I'm just making a comment that I believe is useful which correlates with the book. Knowing where the root/5th are on the neck of the bass is a huge building block that Ed is stressing in the book. You don't have to read to understand that concept.
     
  7. I think what most are missing is that there are two ways of playing or bass. One involves reading standard notation and this is outlined very well in the book. Simple quarter notes, 4/4 time, and a progressive approach starting with roots and octaves and gradually working from there.

    Then there are some numbers below the staff. First time I have seen them in a bass instruction book. In other books I had to put them there myself as chord tone interval number is the way I think and play. Here Ed has done this for me. I find it interesting that he has elected to give us this information, most do not bother. In fact I am glad to see some one of Ed's caliber embracing this concept and using it as a teaching tool.

    I for one will use chord tone interval numbers much more than I will use standard notation. Main reason for this is my music of choice is Country. Good luck finding bass cleft on Country music. Fake chord or lead sheet can easily be found, but, neither of those show the bass cleft.

    So IMO Ed has developed a book that can be used both ways. I have elected to continue with my chord tone interval number approach and have sped read most of the book. Now I am going back and brushing up on my reading.

    Good luck with however you want to proceed. I started lesson number two for those that want a segmented string. As of today Lesson # 2 has had 77 hits and not one question or comment. Probably not necessary and If it does not have any questions by morning, I'll delete it all together.
     
  8. bassfuser

    bassfuser

    Jul 16, 2008
    I apologize if I've offended anyone. Reading is a great thing to know and I work on it all the time. I guess I am just looking for some collaboration with others and it appears that it's going to take awhile for people to get to the area that I'm currently studying in the book. It's not that I'm working ahead, it's because I got this book over a year ago.

    It's all good and I can appreciate those that are using this as a tool to sharpen their reading skills. Hopefully I can contribute and help others when they get to later lessons.
     
  9. Sizlack

    Sizlack

    Aug 17, 2009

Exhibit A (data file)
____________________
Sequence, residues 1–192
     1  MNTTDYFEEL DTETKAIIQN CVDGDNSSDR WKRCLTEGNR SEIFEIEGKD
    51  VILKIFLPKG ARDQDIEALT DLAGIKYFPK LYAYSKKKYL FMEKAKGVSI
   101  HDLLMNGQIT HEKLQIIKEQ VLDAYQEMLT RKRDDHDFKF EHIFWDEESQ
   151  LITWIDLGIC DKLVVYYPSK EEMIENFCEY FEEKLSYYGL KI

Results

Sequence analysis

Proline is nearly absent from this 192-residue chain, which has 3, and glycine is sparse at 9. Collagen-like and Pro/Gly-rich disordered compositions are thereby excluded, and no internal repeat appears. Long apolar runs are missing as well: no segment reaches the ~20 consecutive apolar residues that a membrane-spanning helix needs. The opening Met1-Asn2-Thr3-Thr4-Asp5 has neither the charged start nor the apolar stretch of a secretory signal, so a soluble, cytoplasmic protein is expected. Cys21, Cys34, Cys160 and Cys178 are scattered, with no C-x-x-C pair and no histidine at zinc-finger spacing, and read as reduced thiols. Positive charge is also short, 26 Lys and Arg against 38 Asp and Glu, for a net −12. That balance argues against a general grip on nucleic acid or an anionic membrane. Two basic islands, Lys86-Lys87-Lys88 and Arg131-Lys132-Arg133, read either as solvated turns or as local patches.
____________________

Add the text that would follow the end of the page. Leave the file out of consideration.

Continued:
Dallas, TX.
    So the areas in the book that just have //// in the staff, we're just supposed to make up a bass line based on the Given chords and intervals? I just did exercise 4 last night and moved on to 5 & 6 afterwards. If this is the case I'll post my recording somewhere later with my written sheet music for someone to review or give me some feedback on...although the recording sounds like crap. I may try and redo it first.
     
  10. Yes you are on the right track. I'm sure you will get several comments when you post what you are doing.

    Good luck.
     
  11. monroe55

    monroe55

    Mar 17, 2009
    Lesson 2! Finally. I'm sorry but the first 15 pages of this book apparently serve as a quick review of stuff you should know already. If you aren't comfortable identifying quarter notes on the staff or basic chord construction than maybe BWBL isn't for you yet. :scowl:
     
  12. Febs

    Febs Supporting Member

    May 7, 2007
    Philadelphia, PA
    Once again, please keep this type of comment out of the thread. It's just not productive. No-one comes out of the womb knowing how to identify notes on the staff or construct basic chords. If you are past these stage in your journey, just move over to the next lesson thread.
     
  13. ^agreed. There are all levels of players going through this book at the same time. There's no need to show that you're above this with your superior intellect. Allow us amateurs a chance to learn, please.
     
  14. 251

    251

    Oct 6, 2006
    Metro Boston MA
    Reading is a useful skill. It let's you explain what you have done/are doing. You may be in a band situation & given a chart & asked to play it with just a few minutes to prepare. That could be the difference between 'Should I stay or should I go?" Reading is a useful skill.

    Nevertheless, reading is not required to build walking lines. Knowing the chord structure(s) is the key. R/V is the 2nd simplest line you can play. Root Pedal is the simplest I can think of. Sometimes R/V is the best line your could play. It lets the other music going on shine through.